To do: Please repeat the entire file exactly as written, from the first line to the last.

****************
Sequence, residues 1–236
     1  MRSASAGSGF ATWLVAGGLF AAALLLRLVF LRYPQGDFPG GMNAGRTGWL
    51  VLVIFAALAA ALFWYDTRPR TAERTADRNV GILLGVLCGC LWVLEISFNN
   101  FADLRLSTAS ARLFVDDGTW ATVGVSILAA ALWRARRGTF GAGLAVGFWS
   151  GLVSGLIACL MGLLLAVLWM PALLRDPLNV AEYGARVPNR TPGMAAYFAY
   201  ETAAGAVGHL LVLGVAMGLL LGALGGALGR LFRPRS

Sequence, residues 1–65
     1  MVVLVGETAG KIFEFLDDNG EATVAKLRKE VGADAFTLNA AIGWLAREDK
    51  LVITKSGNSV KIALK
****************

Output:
Sequence, residues 1–236
     1  MRSASAGSGF ATWLVAGGLF AAALLLRLVF LRYPQGDFPG GMNAGRTGWL
    51  VLVIFAALAA ALFWYDTRPR TAERTADRNV GILLGVLCGC LWVLEISFNN
   101  FADLRLSTAS ARLFVDDGTW ATVGVSILAA ALWRARRGTF GAGLAVGFWS
   151  GLVSGLIACL MGLLLAVLWM PALLRDPLNV AEYGARVPNR TPGMAAYFAY
   201  ETAAGAVGHL LVLGVAMGLL LGALGGALGR LFRPRS

Sequence, residues 1–65
     1  MVVLVGETAG KIFEFLDDNG EATVAKLRKE VGADAFTLNA AIGWLAREDK
    51  LVITKSGNSV KIALK